With the festive season upon us, we are all likely to end up indulging in our favorite holiday foods, maybe making a small effort to stay away from the unhealthiest dishes of them all. However, some of your favorite foods are absolutely packed with nutrition and health benefits, making them worth the extra helping! Let’s take a look at some of the traditional holiday foods that are actually good for you.

Turkey for a holiday dinner

Turkey
Turkey is a fantastic source of protein, with one serving providing half of the recommended daily amount of folic acid, as well as plenty of vitamin B, potassium and zinc. Eating a high-quality protein such as turkey also triggers satiety, meaning that you will feel fuller, faster, making you less likely to indulge in the unhealthier options. Unless your turkey is deep fried or smothered in gravy, this meat is actually quite good for you, although we would recommend trimming off some of the skin before eating, as this is where most of the fat and calories are contained.

Sweet potates.

Sweet Potatoes
Sweet potatoes, unless they’re covered in butter or marshmallows, are one of the healthiest vegetables out there. We suggest roasting them, as this gives them an intense flavor without the need for unhealthy fats. Sweet potatoes are packed with fiber, potassium, vitamin A and phytochemicals, all of which help to keep aging, arthritis and cancer at bay. They are also an excellent source of beta-carotene, a powerful antioxidant, so be sure to have a sweet potato dish on your table this year!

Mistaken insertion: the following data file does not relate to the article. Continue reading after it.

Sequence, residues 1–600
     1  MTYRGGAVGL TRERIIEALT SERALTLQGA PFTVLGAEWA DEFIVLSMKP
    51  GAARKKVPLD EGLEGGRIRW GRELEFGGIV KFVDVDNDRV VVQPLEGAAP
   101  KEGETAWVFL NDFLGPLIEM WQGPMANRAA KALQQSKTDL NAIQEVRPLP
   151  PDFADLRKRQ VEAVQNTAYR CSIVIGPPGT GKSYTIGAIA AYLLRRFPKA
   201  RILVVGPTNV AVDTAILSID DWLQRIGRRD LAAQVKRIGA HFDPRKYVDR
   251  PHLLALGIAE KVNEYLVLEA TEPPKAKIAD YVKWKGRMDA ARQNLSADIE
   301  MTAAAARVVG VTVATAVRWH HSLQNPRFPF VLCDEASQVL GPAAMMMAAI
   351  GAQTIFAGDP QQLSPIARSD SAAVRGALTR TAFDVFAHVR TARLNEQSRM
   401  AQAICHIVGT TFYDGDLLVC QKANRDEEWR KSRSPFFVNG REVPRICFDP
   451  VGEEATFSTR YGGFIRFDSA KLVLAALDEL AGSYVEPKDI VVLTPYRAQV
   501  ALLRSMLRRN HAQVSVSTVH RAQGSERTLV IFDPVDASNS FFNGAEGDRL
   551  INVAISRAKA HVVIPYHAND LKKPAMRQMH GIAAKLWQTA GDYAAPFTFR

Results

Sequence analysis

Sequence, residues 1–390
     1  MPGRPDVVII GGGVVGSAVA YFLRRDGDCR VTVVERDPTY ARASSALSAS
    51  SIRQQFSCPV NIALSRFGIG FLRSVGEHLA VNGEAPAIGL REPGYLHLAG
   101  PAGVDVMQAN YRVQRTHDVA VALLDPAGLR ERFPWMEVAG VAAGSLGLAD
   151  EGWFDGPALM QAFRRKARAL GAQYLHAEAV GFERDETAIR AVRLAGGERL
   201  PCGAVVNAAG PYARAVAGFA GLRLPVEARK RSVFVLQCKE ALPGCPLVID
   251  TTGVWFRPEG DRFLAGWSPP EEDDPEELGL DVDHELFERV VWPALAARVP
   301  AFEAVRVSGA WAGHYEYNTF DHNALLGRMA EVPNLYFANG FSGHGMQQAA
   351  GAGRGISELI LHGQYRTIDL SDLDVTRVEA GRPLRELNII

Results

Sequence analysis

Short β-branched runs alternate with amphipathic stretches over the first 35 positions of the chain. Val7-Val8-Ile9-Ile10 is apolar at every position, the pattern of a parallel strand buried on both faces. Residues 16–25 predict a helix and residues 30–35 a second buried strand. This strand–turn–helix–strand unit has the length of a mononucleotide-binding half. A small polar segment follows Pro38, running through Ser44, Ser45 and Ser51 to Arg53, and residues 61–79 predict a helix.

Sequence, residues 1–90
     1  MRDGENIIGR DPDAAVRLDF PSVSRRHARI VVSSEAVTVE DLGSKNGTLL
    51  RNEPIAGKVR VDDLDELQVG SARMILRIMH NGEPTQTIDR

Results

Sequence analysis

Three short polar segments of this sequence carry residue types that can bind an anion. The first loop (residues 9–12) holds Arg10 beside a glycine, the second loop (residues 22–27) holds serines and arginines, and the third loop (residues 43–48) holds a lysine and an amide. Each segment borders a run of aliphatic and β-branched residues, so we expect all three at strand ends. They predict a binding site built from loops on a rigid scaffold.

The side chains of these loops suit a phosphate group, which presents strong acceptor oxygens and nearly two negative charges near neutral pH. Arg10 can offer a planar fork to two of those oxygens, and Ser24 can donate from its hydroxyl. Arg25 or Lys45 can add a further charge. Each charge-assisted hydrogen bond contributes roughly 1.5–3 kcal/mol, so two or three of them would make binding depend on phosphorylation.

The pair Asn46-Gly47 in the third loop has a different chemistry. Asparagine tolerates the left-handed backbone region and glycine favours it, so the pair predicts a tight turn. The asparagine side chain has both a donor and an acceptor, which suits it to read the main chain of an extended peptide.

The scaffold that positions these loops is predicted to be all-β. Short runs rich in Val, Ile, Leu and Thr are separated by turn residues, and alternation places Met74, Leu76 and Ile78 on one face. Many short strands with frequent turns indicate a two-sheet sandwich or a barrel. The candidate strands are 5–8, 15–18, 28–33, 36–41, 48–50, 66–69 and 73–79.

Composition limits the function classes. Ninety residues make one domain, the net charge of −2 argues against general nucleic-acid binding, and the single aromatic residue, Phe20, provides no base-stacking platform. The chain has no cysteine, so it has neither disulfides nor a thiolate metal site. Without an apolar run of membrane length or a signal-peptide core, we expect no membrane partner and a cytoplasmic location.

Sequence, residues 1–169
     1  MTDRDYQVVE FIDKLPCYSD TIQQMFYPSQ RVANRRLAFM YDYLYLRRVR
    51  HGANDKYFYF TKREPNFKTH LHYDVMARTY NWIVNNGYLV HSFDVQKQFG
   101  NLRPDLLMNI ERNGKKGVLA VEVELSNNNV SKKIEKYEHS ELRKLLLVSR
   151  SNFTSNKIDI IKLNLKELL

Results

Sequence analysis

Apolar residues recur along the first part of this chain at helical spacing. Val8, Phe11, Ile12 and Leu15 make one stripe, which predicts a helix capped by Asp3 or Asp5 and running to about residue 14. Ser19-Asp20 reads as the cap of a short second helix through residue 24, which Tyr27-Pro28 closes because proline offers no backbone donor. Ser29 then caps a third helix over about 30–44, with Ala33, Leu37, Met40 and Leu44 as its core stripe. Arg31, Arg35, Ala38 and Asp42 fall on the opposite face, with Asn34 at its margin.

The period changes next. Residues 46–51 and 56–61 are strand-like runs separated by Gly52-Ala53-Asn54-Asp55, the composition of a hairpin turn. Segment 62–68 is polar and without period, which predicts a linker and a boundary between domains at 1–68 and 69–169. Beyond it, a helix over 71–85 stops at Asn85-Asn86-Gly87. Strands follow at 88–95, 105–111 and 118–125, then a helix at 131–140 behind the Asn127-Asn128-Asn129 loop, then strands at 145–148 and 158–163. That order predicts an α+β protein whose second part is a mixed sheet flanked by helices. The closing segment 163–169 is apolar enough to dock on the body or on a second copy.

Cranberry sauce and chicken breast.

Cranberries
In addition to being low in calories and rich in fiber and potassium, cranberries also contain powerful disease-fighting antioxidants. They also contain unique compounds that have antibacterial properties, enabling them to prevent urinary tract infections. However, since cranberries are naturally low in sugar and have quite a tart taste, most recipes that utilize them require quite a large quantity of sugar to be included. We suggest replacing the sugar with a healthier alternative, such as honey or even other fruits.

Woman drinking hot cocoa

Cocoa
There is nothing quite like a mug of hot cocoa on a cold winter night, and this experience is now going to be even more enjoyable with the knowledge that cocoa is actually good for you. Experts advise that a small piece of chocolate each day, usually about 30 calories worth, significantly lowers blood pressure and cholesterol. We recommend using dark chocolate with at least 70% cocoa solids, as these contain much higher levels of the antioxidants that bring about these brilliant health benefits.

Now that you are aware of the holiday foods that are actually good for you, you won’t need to feel bad about that extra slice of turkey or that extra helping of sweet potatoes. Don’t forget that there are many other popular holiday foods that also have some great health benefits, from cinnamon to pecans to green beans, and with a little bit of planning, it won’t be too difficult to make your holiday feast the healthiest, but tastiest, one you’ve had yet!